Tuesday, November 22, 2005

An Gleichschaltung?

On the day our new local government set-up was announced, which has the DUP, the UUP, the SDLP and the Alliance Party spitting blood and Sinn Féin in a state of near-ecstasy, Francie Molloy, veteran Sinn Féin councillor and a man of indubitable Republican credentials, casually mentioned on BBC Newsline that the shake-up might not be such a good idea.

Now, I'm not qualified to judge whether he's right or not. The point is: he was immediately suspended from his party, subject to a disciplinary tribunal, for airing a view which is at odds with that of his party leadership. I've been avoiding the fashionable trend towards comparisons with 1930's Germany, but this smacks of Gleichschaltung right and proper.

Sinn Féin will argue that disciplinary matters within the party are private matters and the business of no one on the outside, but it's quite fair that a democratic party inviting members of the public to join it should have its internal machinations clearly on view and subject to public scrutiny. And, yes, that goes for all parties, not just Sinn Féin.

On an issue central to an organisation's raison d'être it might possibly be thinkable to call into question a dissenting member's alignment with shared aims and objectives - say when a member of Pro-Life starts encouraging women to abort - but on matters of policy (as opposed to objectives) a democratic party leadership must respect and listen to members' views, allow them to be debated and, if supported by a majority, represent them to the hilt. That's democracy. Looks like Sinn Féin still has to give up some old-style tendencies.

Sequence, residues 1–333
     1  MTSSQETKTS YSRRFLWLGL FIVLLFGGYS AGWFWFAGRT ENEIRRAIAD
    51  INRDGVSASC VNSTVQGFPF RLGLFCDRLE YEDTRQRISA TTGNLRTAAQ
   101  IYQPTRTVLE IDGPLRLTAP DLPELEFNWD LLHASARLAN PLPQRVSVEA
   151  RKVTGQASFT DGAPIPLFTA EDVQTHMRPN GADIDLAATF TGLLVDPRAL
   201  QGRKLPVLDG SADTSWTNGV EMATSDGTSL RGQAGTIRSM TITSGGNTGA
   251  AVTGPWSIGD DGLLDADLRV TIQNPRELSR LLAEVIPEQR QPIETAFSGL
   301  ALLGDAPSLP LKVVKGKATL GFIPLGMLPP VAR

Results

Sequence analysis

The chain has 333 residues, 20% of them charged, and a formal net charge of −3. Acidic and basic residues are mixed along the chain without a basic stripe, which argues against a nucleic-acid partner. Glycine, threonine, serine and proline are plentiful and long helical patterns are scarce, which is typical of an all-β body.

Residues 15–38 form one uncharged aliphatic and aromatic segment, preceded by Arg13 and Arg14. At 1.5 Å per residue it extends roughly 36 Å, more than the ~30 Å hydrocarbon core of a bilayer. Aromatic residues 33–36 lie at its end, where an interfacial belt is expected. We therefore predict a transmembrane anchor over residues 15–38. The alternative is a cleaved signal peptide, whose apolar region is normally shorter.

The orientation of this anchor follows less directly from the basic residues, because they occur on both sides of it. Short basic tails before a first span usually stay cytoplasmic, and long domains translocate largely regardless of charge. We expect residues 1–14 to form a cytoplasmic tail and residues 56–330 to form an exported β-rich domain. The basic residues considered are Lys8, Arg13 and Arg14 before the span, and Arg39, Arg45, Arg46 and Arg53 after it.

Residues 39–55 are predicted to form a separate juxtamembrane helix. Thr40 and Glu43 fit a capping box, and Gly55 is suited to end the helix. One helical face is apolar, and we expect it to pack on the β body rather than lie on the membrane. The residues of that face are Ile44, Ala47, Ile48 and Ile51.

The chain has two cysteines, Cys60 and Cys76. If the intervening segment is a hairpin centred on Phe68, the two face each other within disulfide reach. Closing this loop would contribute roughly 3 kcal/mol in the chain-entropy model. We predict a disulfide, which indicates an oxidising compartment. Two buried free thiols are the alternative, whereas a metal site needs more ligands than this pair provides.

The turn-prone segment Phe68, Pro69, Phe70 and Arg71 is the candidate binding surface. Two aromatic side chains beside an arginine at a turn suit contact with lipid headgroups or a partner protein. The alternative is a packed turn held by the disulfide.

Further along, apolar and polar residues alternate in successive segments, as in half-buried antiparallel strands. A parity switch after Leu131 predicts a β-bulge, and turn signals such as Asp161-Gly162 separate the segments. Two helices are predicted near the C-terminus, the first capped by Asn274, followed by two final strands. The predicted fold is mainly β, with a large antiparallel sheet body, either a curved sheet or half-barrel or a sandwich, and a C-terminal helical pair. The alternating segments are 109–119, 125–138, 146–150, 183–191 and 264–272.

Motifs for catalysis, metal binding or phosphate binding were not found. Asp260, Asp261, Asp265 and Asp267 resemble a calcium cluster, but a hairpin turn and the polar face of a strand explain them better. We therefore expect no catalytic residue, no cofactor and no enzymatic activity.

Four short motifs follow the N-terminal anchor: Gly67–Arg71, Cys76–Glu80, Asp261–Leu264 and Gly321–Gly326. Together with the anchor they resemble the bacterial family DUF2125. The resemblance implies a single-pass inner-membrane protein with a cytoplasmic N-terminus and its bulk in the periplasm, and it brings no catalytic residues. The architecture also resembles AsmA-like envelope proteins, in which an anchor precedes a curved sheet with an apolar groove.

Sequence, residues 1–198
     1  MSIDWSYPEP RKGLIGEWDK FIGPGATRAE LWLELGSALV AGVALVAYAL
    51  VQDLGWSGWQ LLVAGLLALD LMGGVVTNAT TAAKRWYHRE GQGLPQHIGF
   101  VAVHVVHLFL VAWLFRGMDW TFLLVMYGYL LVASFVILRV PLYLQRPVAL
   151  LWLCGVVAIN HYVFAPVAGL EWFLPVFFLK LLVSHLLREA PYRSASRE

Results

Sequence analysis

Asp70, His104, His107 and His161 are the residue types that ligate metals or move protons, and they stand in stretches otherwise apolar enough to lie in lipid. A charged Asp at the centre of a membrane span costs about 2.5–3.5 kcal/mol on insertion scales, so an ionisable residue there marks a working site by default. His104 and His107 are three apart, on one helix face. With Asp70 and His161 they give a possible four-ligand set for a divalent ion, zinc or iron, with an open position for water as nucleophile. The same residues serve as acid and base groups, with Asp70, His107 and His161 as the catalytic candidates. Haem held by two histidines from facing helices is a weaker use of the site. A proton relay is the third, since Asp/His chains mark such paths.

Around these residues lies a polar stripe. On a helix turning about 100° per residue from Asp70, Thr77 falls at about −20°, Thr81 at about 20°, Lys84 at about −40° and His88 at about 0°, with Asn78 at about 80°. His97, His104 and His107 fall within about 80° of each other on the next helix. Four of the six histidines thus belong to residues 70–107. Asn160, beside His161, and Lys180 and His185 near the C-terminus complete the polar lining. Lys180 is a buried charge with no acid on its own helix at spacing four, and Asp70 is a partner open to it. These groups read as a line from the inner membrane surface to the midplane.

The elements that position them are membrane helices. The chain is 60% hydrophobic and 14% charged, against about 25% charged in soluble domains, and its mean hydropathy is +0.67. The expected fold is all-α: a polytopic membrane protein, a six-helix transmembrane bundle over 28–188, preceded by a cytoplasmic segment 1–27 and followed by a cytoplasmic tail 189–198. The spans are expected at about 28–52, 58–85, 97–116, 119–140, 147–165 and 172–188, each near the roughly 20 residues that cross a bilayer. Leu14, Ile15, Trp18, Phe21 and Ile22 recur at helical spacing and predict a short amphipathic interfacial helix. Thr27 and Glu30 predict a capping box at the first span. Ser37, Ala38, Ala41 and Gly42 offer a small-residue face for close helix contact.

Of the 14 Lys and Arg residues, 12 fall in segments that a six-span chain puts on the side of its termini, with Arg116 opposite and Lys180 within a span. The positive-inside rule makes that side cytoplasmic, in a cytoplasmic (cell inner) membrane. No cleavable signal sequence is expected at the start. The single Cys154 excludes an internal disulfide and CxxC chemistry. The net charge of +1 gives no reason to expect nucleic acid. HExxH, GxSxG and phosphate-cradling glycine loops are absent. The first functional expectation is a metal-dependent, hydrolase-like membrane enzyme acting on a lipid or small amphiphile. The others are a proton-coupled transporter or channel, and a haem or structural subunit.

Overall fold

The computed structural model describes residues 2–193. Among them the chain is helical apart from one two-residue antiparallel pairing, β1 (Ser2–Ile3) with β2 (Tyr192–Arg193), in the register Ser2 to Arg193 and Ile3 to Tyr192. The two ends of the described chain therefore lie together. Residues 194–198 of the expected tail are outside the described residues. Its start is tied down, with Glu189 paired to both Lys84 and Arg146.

After all, how democratic are you when the leadership tells members what to think?

To be Big, the SF leadership should realise that debate isn't a sign of weakness, as their younger members ably demonstrate. They should allow their members latitude to contribute creatively. If they've really embraced democracy they have to stop intimidating dissenters within their own ranks. This isn't 1930's Chicago either.

1 Comments:

At 8:33 p.m., Anonymous levee said...

John: They didn't get where they are today by embracing democracy. Exploiting it, maybe.

The reason that Sinn Fein are so popular is that because of the tight control they exert on their members. Hell, even ordinary people in SF neighbourhoods often can't deviate from the party line without suffering the consequences.

It's disappointing, but there you have it. If one positive thing comes from this, perhaps more Sinn Fein members will begin questioning whether they actually make a difference or are replaceable footsoldiers.

 

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